Rod MacDonald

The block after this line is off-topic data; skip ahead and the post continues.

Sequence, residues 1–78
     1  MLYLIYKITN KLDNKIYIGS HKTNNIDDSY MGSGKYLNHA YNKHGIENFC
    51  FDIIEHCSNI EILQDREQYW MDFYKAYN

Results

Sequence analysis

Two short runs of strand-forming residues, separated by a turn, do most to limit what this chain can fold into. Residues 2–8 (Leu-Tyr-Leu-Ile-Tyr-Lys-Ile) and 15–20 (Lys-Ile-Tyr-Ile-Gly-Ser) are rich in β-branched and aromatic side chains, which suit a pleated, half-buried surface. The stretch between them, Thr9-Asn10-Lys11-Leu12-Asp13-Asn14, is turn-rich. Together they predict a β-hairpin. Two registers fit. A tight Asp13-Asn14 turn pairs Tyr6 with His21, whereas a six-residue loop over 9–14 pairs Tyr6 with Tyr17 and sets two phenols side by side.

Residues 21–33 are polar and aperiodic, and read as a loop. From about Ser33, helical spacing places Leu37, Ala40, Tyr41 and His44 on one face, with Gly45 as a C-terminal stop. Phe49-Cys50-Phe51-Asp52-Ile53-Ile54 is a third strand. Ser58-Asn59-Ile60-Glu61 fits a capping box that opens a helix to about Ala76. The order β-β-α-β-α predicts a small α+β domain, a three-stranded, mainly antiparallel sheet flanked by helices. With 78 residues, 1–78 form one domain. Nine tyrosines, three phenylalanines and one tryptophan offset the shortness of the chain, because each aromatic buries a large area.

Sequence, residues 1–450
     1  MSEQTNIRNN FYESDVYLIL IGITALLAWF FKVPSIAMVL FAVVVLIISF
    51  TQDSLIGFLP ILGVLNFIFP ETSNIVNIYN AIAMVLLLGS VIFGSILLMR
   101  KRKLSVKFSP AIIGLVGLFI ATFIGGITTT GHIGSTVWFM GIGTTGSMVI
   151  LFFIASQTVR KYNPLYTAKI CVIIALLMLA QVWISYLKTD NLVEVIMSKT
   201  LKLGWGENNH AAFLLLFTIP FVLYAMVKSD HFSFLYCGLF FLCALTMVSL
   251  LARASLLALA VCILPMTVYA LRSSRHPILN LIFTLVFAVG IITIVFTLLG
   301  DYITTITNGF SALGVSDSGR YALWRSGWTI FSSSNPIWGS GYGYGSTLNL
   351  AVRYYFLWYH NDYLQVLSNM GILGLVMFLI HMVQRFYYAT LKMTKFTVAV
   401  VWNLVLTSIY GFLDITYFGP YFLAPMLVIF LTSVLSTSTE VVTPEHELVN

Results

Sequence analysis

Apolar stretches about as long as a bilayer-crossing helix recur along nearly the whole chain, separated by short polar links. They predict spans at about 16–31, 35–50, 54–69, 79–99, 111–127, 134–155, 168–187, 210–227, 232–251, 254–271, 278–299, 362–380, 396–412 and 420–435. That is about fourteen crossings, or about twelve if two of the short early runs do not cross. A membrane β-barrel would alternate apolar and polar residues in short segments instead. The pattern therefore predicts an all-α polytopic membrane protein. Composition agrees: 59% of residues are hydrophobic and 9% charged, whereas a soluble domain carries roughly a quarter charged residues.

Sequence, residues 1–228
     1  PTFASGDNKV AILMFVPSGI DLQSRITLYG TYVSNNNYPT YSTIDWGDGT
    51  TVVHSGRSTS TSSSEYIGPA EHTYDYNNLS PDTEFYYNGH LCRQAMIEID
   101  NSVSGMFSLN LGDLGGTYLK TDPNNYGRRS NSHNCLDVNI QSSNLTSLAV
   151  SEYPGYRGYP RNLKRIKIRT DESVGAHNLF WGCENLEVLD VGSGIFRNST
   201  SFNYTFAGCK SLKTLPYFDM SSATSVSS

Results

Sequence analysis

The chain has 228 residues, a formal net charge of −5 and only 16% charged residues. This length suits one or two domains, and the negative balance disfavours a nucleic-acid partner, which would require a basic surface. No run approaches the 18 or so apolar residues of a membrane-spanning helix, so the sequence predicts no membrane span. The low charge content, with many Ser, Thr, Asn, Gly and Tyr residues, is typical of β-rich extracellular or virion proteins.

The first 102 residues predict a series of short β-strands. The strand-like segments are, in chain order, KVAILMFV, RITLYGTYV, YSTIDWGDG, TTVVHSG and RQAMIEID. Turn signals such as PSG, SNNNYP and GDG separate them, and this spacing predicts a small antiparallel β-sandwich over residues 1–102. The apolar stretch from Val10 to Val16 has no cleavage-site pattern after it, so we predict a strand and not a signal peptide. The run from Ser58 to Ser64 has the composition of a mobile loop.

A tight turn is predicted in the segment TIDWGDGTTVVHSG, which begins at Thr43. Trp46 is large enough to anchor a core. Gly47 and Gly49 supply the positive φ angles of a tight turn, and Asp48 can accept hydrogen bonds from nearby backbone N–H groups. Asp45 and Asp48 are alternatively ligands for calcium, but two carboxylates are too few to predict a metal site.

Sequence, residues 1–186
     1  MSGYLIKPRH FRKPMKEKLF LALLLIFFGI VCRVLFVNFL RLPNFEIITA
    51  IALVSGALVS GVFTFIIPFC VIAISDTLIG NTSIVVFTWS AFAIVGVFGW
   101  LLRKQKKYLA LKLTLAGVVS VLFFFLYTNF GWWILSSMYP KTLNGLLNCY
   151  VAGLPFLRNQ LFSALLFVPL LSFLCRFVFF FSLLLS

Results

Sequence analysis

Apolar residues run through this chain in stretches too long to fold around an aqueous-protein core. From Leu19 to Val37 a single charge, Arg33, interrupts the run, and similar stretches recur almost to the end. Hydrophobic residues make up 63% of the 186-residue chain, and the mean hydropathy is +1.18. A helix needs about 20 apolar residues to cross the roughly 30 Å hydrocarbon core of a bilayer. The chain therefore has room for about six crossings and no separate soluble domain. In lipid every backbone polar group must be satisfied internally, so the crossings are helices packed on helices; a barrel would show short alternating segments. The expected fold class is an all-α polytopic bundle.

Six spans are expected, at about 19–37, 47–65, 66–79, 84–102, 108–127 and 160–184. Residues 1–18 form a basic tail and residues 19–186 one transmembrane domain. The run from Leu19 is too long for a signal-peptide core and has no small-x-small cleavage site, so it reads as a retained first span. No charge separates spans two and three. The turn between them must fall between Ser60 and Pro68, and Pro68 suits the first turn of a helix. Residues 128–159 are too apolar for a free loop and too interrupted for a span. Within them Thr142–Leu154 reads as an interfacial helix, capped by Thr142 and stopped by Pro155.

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The nearly 73 minutes and 17 tracks on Recognition (including a hidden track of the shaggy dog baseball story "Mojo & the St. Luke's Flukes," set to the tune of "St. James Infirmary") allow Rod MacDonald the space to offer a full complement of typically witty and heartfelt considerations of political and emotional matters. On a personal level, he who in the past wrote so many songs of romantic excursion, continues to celebrate his happy marriage on such songs as "You Who Sleep Beside Me" and "We Got It Good & That Ain't Bad." But if MacDonald enjoys domestic bliss, he continues to be stirred up by what he reads in the paper and what he sees around him, and much of the album is given over to songs with social and political implications. On "The Man Who Dropped the Bomb on Hiroshima," he confronts that pilot and hears his justifications and doubts; on "My Neighbors in Delray," he considers the September 11 terrorists who lived near him while attending flight school; "Doctor Gachet" concerns a Van Gogh painting that went unsold at first, but is now passed between millionaires, unseen by the public; "Video Game" takes on virtual violence; and "137 Executions (Not One Innocent Man)" disparages the death-penalty policies of Texas and a certain former governor of that state who went on to higher office. MacDonald reserves his broadest political statement for the end of the disc with "For the Good of America," which looks back across 40 years and the many governmental deceptions dating back to the assassination of President Kennedy. The rigorousness of MacDonald's arguments is augmented by the forcefulness of his clear tenor and the familiar folk and folk-rock arrangements that may cause the listener to sing along whether or not he or she shares MacDonald's political philosophy.

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